Nature

Texas Ranches and Conservationists Partner for the Sake of the Monarch

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The monarch migration through Texas is something that we’re privileged to enjoy, as they make their way both north and south throughout the state, either on their way to Mexico for the winter or headed north to Canada for the summer. However, the species has been under tremendous strain as of late, owing to changes to their habitat and the environment. According to the Monarch Butterfly Habitat Exchange, their populations have dissipated by 95 percent over the past three decades.

Recently, the Monarch Butterfly Habitat Exchange has partnered with ranches, five of which can be found in Texas, to rehabilitate the milkweed – a plant these butterflies rely on for breeding. “It concerns me deeply that monarch butterflies as a species are declining at such an incredibly accelerated rate. When you started seeing massive declines in numbers of populations, it’s something we should all be paying attention to and something we should all worry about and be actively trying to solve those problems,” noted Amy Greer, a Texas rancher who is registered with the exchange. “One of the things that’s important to us is serving the land before we serve ourselves,” said George Greer. “That’s what this program is helping us do.”

Texas Ranches and Conservationists Partner for the Sake of the Monarch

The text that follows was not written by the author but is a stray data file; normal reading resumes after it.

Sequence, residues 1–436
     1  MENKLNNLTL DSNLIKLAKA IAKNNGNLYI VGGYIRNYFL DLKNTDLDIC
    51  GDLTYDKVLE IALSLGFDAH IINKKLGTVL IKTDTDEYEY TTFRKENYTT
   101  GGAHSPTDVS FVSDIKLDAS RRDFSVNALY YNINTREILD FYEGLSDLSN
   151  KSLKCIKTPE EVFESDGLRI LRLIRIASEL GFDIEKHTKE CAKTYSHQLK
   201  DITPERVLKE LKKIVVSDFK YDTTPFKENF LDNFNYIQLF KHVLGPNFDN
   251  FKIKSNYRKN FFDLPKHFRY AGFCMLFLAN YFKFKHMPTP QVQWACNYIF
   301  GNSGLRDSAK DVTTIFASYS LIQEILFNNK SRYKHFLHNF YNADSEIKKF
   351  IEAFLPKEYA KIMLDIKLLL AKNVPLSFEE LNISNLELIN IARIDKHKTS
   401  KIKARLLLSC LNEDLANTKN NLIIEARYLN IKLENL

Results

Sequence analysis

Photo: Public Domain Pictures

Winters-Wall Ranch in Brady is the Greers’ property, and one of the five ranches from the Lone Star State that are involved with the Monarch Butterfly Habitat Exchange. Three of the ranches in the program can be found in the vicinity of Austin, and the other (Wagley Ranch) is situated near Mineral Wells. According to an Environmental Defense Fund (EDF) official, at this time, the U.S. Fish and Wildlife Service is reviewing the possibility of putting the monarch on the endangered species list – something that many might find surprising. “It’s not like some rare species that you never see. The monarch is something everyone knows and generally loves and it has this amazing migratory phenomenon, which is unique within the animal world,” explained David Wolfe, the Director of Conservation Strategies for the EDF. With last year’s migration being particularly difficult for them, it’s a grim indication of the direction in which their species is headed, and partnerships such as this are hoping to head that off at the pass.